gas pressure, Pa | |
aqueous liquid pressure, Pa | |
reference aqueous density, kg/m^{3} | |
acceleration of gravity, m/s^{2} | |
Brooks and Corey function nonwetting fluid entry head, m | |
Brooks and Corey parameter | |
minimum effective aqueous liquid saturation | |
maximum effective residual gas saturation | |
Land's parameter for gas-aqueous interface |
Webb Extension
To extend the saturation function below the aqueous residual saturation, functional extensions are required. STOMP-CO2 and -CO2E recognize the Webb (2000) model. This function works with both the van Genuchten and Brooks and Corey characteristics functions, without requiring additional input as the oven-dried head is assumed to be equal to a capillary pressure of 109 Pa (~105 m).
Fractured Media (Equivalent Continuum)
This option is used for a fractured medium. The retention properties for both the fracture and the matrix are needed. Dual porosity functions or equivalent continuum models for aqueous-gas systems relate the gas-aqueous capillary pressure to the bulk aqueous saturation for fractured geologic media through two functions [Klavetter and Peters 1986; Nitao 1988]. One function relates the gas aqueous capillary pressure to the matrix aqueous saturation and the other relates the gas-aqueous capillary pressure to the fracture aqueous saturation. The pivotal assumption associated with the dual porosity function is that the fracture and matrix pressures are in equilibrium. This assumption neglects transient fracture-matrix interactions. Fracture and matrix effective saturations can be computed with either van Genuchten or Brooks and Corey functions above. The bulk aqueous saturation is computed by combining the fracture and matrix aqueous saturations and diffusive porosities:
where the actual saturations are computed from effective saturations, according to
Symbols | |
actual aqueous liquid saturation | |
actual aqueous liquid saturation of the fracture material | |
actual aqueous liquid saturation of the matrix material | |
actual aqueous liquid residual saturation of the fracture material | |
actual aqueous liquid residual saturation of the matrix material | |
effective aqueous liquid saturation of the fracture material | |
effective aqueous liquid saturation of the matrix material | |
diffusive porosity of the fracture material | |
diffusive porosity of the matrix material |
Tabular Input
This option accepts tabulated retention data. The default is the data of pressure head and saturation data pairs and linear interpolation is used between data points. Alternately, water content vs capillary head can be provided using the keyword "water content." Other interpolation schemes that can be specified are linear-log, cubic spline, or cubic-spline-log.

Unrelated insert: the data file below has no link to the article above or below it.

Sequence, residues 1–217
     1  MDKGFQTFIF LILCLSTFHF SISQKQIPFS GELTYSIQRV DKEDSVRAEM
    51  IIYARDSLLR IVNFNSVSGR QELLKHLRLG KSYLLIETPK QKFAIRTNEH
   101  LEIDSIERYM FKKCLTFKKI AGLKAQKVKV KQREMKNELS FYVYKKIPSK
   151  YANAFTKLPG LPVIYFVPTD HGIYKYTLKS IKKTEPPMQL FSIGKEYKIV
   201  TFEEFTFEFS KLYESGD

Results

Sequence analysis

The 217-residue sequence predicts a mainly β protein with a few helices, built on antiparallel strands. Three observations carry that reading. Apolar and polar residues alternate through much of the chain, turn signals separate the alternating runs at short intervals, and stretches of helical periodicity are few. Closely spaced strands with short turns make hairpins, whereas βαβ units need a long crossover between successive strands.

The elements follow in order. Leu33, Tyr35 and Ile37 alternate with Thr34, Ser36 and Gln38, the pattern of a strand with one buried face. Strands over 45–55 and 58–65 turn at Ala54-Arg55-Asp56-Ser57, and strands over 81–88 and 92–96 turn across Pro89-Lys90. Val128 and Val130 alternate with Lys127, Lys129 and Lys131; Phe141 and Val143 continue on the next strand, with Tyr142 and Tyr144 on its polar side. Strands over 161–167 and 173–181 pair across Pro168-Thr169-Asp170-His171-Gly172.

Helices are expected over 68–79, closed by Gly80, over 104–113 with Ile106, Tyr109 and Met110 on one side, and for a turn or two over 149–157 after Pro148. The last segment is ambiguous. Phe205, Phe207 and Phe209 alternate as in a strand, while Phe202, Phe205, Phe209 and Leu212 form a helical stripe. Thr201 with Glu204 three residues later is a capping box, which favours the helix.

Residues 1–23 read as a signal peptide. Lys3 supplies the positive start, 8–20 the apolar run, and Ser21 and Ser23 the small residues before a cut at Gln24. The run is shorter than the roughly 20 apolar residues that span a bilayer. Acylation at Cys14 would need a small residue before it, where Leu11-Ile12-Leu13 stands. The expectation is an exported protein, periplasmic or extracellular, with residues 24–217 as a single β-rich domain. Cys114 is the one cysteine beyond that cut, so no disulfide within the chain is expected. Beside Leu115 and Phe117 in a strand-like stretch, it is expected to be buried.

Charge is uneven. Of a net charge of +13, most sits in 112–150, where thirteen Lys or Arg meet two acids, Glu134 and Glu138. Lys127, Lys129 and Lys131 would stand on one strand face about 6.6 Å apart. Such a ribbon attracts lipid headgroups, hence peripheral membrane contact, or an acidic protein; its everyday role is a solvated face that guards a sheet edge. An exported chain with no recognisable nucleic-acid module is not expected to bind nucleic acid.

Brooks, RH and AT Corey. 1966. "Hydraulic Properties of Porous Media Affecting Fluid Flow," Proc. ASCE J. Irrig. Drain. Div. , 92:61-68.
Haverkamp, R, M Vauclin, J Touma, PJ Wierenga, and G Vachaud. 1977. "A Comparison of Numerical Simulation Models for One-Dimensional Infiltration," Soil Sci. Soc. Am. J., 41:285-294.
Kaluarachchi, JJ and JC Parker. 1992. "Multiphase Flow with a Simplified Model for Oil Entrapment," Transport in Porous Media, 7:1-14.
Klavetter, EA and RR Peters. 1986. Estimation of Hydrologic Properties of Unsaturated Fractured Rock Mass, SAND84-2642, Sandia National Laboratories, Albuquerque, NM.
Land, CS. 1968. "Calculation of Imbibition Relative Permeability for Two- and Three-Phase Flow from Rock Properties," Trans. Am. Inst. Min. Metall. Pet. Eng., 243:149-156.
Nitao, JJ. 1988. Numerical Modeling of the Thermal and Hydrological Environment around a Nuclear Waste Package Using the Equivalent Continuum Approximation: Horizontal Emplacement, UCID-2144, Lawrence Livermore National Laboratory, Livermore, CA.
Parker, JC and RJ Lenhard. 1987. "A Model for Hysteretic Constitutive Relations Governing Multiphase Flow 1. Saturation-Pressure Relations," Water Resources Research, 23(12):2187-2196.
van Genuchten, MT. 1980. "A Closed-Form Equation for Predicting the Hydraulic Conductivity of Unsaturated Soils," Soil Science Society of America Journal, 44:892-898.
Webb, S. W., 2000. “A simple extension of two-phase characteristic curves to include the dry region.” Water Resources Research, 36(6):1425-1430.